Why is it that while all firms have strategies, some are more successful than others?

Certain firms do have a first-mover advantage in offering services and products to their customers and extracting value that competitors cannot.  Others are able to reinvent themselves in a way that competitors are unable to match.

Whatever the approach taken, an important learning point for managers is that formulating or just having a strategy direction tends to be a relatively easy first step in terms of planning and commitment. It’s the execution stage, when a change in beliefs and behaviours is often required, that is the greatest challenge - requiring a strategic journey that adapts to a dynamic environment.

So, once you have your initial strategy for a new, innovative service or product and are ready to launch, what are the factors that could prevent it working?

1 Deep-rooted beliefs

Why should your innovative service or product be something your firm should commit to, or your customers be interested in?

This is a tough one to crack as deep-rooted beliefs about what makes a product or service work in a particular market can mean even your closest allies might need some convincing.

For example, in our research on IT firm Hewlett-Packard we found that CEOs tended to use past successes and the history of the firm to situate and build their storyboard, which could lead to missed opportunities.

One way forward is to consider where these beliefs come from; how they can be constructively challenged and what changing them would achieve. You should also consider how you engage and communicate the need to change these beliefs.

Customers and investors are also increasingly influenced by what they think you stand for, so an alignment of the company’s ethos with that of target capital and consumer markets is of growing importance.

2 Getting the right talent in place

When there is a new plan to execute most firms consider employing fresh talent, as well as reviewing existing staff to make sure they are up to the job.

This might involve bringing in new skills and leadership from outside or other parts of the firm, or upskilling employees.

You might find that you need to engage with consultants or bring in new tools to help find the talent pool you need. Staff are increasingly attracted by a corporation's vision rather than simply financial remuneration, which may require a broader positioning of the company. But this varies between and within countries, regions and demographics.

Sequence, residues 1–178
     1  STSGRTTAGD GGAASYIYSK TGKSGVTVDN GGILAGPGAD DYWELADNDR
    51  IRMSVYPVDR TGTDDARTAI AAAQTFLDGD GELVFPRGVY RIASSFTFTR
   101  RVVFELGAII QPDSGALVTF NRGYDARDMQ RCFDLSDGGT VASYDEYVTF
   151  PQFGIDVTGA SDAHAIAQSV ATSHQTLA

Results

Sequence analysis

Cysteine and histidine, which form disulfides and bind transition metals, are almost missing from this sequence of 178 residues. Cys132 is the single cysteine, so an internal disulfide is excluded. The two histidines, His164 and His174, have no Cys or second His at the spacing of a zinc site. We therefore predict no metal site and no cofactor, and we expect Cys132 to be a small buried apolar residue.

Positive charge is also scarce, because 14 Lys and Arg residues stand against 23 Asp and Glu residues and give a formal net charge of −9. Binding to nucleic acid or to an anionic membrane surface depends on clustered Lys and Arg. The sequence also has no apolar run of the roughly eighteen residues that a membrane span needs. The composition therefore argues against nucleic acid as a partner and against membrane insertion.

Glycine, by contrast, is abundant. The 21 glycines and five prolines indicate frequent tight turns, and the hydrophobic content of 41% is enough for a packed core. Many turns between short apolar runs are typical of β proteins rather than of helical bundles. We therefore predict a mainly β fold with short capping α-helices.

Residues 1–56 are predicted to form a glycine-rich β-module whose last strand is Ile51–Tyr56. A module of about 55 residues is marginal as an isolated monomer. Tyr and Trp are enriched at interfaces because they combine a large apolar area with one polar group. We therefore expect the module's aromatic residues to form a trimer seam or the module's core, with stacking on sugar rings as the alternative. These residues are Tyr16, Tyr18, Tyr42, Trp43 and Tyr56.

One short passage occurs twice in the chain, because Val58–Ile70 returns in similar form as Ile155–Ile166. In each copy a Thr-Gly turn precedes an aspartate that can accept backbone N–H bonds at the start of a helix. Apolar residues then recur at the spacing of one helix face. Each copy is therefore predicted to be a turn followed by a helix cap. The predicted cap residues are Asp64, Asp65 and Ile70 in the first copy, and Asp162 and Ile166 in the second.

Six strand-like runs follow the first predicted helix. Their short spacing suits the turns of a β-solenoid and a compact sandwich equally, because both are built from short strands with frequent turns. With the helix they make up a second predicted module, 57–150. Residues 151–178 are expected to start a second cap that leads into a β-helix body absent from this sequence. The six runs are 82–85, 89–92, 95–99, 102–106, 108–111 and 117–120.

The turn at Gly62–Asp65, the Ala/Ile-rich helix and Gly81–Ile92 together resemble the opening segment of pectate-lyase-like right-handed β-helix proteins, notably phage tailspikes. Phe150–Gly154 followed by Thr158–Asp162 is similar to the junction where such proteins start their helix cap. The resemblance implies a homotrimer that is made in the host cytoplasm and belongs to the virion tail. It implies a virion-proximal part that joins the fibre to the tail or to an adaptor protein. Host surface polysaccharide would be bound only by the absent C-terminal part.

Also be mindful of just following the latest fads or fashions. The key challenge here is to customise these new ideas to make them work best for your own strategic needs.

3 Finding your digital pathway

Firms such as Facebook, Google, Amazon, Apple, Tesla, Netflix and Alibaba use digital technologies not only to innovate with new products and services, but also to pave new ways for new markets or digital platforms to be created.

In this space, it is important to set out a clear pathway about how you intend to use digital technologies – both to assist in supporting your products and services to reach your customers and also as a way to support your strategy.

Consider whether you have an overarching digital strategy in place that brings agility to your business model and helps enhance the ways you engage with your employees, stakeholders, suppliers and customers.

For example, could your suppliers hold some important piece of data or information that would help identify early signals of changes in your customers’ needs or a disruption that could have important implications for your offerings?

Setting a plan for the future is only the beginning of a strategic journey. The execution is an ongoing process that requires commitment, persistence, and constant readjustment.

It’s not a linear or calendar-driven process, but a dynamic, unfolding one involving multiple iterations and interactions with stakeholders within and outside the firm.

Learning to embrace this dynamism and fluidity in strategy creation and execution can help firms become better attuned not only to financial or market needs but also to wider, societal challenges.

Further reading:

Khanagha, S., Ansari, S., Paroutis, S. & Oviedo, L. (2020) Mutualism and the Dynamics of New Platform Creation: A Study of Cisco and Fog Computing. Strategic Management Journal

Knight, E., Daymond, J. & Paroutis, S. (2020) Design-led Strategy: How to Bring Design Thinking into the Art of Strategic Management. California Management Review.

Paroutis, S., Mckeown, M. & Collinson, S. (2013) Building Castles from Sand: Unlocking CEO Mythopoetical Behaviour in Hewlett Packard from 1978 to 2005. Business History.

Sotirios Paroutis is Professor of Strategic Management and Head of the Strategy and International Business Group. He teaches on The Warwick Executive Diploma for Strategic Leadership.